Got the Blues

Before we left Texas, I’d harvested a bunch of the red fruit (tunas) of prickly pear cactus where we were camping. I’d made prickly pear juice quite a learning curve, with quite a few sticky (ouch!) issues.  And I had another bag full of tunas thinking I’d do it again, using my new wisdom, and make thick syrup to give as gifts for swirls in Margaritas.

Passing through Santa Fe, we were invited to return for Mad-Stock, a Woodstock themed celebration of music, peace and love. I decided I’d make tie-dye shirts for the guys our of the prickly pear juice! Both said they didn’t mind wearing hot pink… what a washout!!!  After all my work; cooking them in the hot juice for an hour, then letting them sit overnight in plastic bags, when I untied them they were gorgeous. When I washed them, this color faded completely away.

Now, you know full well that if I spilled any on a good white blouse, it never would have come out!

I was even more determined now, and after looking through Pinterest, I decided to try again, this time using an old friend from the 70’s…  RIT dye in a lovely Indigo Blue.
I used some of my old tying techniques (I used to love doing tie-dyes in pretty patterns, but simple, beautiful colors) incorporating tying stones into the folds, simple pleat-and-band, and Japanese Shibori folding and resistance techniques.

I followed RIT’s instructions TO THE LETTER, and when I pulled them from the dye bath (done in a 3-gallon bucket in my kitchen sink) I was over-the-Moon thrilled! Indigo blue! Shibori folds! Gorgeous circles with marigold-like patterns within!

Still following instructions carefully, I washed and dried them, and what I pulled from the dryer 40 minutes later was a pale imitation of what I had put into the dryer.  My well-defined lines of indigo and white had become a soft cream and denim blue design. Sigh. I went to bed that night feeling like a failure…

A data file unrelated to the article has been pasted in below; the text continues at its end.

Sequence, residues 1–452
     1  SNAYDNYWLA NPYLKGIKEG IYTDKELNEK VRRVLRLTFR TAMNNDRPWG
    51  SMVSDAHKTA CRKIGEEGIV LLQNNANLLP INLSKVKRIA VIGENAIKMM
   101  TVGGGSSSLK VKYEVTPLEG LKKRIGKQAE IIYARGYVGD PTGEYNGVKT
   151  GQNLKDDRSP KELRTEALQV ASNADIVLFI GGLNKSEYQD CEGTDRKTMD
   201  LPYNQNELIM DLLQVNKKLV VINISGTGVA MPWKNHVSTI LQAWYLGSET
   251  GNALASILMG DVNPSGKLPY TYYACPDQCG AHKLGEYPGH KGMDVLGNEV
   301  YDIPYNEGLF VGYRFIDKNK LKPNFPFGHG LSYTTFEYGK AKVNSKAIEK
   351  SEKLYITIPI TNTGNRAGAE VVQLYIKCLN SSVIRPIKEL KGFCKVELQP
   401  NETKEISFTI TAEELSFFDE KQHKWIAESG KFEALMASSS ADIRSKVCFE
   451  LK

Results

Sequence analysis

Turns out the failure was in RIT’s isstructions, for when I looked online there were completely different guidelines than on the box. Had i known, I would have gladly taken all the extra time they were proposing. I hoped the guys would still wear them.

The next morning when I awoke, the first thing I saw on my FB feed was this post by a friend, Lynn – “Failure is an event, not a character flaw.”  That changed my mind, what I did failed, but now I know where to pick-up next time. This was entirely too much fun, too relaxing, and too fulfilling to quit. I’m not ready to take orders yet, but I see a lot of Blue in my future!

 

XO DONNA



Mother’s Day

 

It’s been raining cats and dogs, accompanied by thunderbolts and lightning. Although it’s just past breakfast-time it’s as dark as night and the volume is MUCH louder in our motorhome than in a traditionally built home.  Read More


Where the Wild Things Are

Looking out at the lake, I see my reflection in the window as I write… and to quote my dear departed friend, Nancy, “I look like the wrath of God!”
Even though I took the time to blow my hair dry this morning, the winds have been blowing steadily at 20+ mph, something no amount of styling product can endure.

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Grey Haired Beauty

Notice how when you begin to think about, or buy, a new car suddenly they are everywhere? I decided to grow out my hair to it’s natural color, whatever that was, a few months ago. Now that it’s grown out, and it’s grey, I’m checking out all of the other women close to my age sporting grey hair. Appropriate word… because some women really do “sport it” by wearing bold colors and jewelry, and makeup that highlights their eyes and lips. I admired lots of these women in Santa Fe, whether their hair was long or short.

In the ”hippy-ish” towns of Silver City and Bisbee I saw women who embraced their silver strands as just a natural part of growing older. I saw everything from short shocky haircuts, to gleaming streaming flaxen hair with rainbow-bright streaks atop gorgeous global, open-hearted, chakra-balancing, essentially-oiled, inner-peace clothes.

Both groups felt like women who loved the power of being women, and wore their crowning glory atop faces that radiated lives being well-lived.

That’s what I want, although right now it’s in that Ugly Duckling stage between a pixie and something else. And without color it’s as fine as frog-fur, but with my experience I’m certain  I can come up with something I’ll grow to love.

The last group I noticed was all the women who had become pale water-colors. Pale hair, pale skin, fading eyebrows, dressing in pastels and beiges. We ate lunch in Las Cruces one afternoon and the restaurant was full of women my age and older, and all but one seemed content to have grown invisible. I wondered when their fire went out? Why?